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Night at the Mocking Widow

Page history last edited by PBworks 14 years, 7 months ago

Carr, John Dickson as Carter Dickson - Night at the Mocking Widow (1951)


Disappointing Carr, with a late murder that requires no special detection and a clue so obvious one wonders if it can be genuine. The main crime here is poison pen letter-writing, which is ruining life in the village of Stoke Druid. One woman has already committed suicide, and the new young vicar, Cadman Hunter, has decided to make a crusade against the letters, when H.M. arrives to visit his bookseller friend Ralph Danvers.


It's difficult to sustain interest in the book, most of which is about various romantic couplings, or to maintain interest in H.M.'s antics, which include a mudfight and dressing as an Indian chief. There are occasional signs of Carr's most fatal flaw, the tendency to describe things via dialogue rather than plain prose. The solution to the one genuine mystery was just a little too implausible for my taste, though I might have swallowed it in a better book -- likewise the idea of a poison pen writer needing or wanting an accomplice, especially a half-mad one. One feels that Carr for once has fallen into the trap of choosing the least likely suspect, and glossed over the implausibilities it entails.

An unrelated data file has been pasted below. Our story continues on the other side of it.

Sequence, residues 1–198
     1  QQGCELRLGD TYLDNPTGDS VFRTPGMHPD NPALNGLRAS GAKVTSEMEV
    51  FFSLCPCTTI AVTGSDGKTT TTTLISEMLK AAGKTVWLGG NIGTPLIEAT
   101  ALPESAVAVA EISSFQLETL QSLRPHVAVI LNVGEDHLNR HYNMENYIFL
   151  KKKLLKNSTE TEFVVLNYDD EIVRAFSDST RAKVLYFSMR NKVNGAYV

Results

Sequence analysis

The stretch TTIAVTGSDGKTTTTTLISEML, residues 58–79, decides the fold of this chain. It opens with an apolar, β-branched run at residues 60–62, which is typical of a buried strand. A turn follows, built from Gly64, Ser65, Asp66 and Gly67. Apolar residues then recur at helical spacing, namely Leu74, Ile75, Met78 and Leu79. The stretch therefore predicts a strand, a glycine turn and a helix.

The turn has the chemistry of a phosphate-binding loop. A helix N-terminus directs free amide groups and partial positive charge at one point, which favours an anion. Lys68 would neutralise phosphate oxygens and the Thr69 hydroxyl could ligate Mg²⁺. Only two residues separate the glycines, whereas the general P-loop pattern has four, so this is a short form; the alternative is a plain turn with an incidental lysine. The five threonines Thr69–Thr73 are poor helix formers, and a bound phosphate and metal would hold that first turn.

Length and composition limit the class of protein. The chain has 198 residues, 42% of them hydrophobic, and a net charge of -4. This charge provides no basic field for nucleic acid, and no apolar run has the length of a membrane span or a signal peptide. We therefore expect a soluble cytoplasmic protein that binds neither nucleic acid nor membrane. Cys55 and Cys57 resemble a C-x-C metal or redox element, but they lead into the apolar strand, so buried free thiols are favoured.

Village life itself is well described and the Mocking Widow - a prehistoric stone monolith - is suitably sinister. There are one or two moments of classic Carr. But the plot failings make this a book for completists only.



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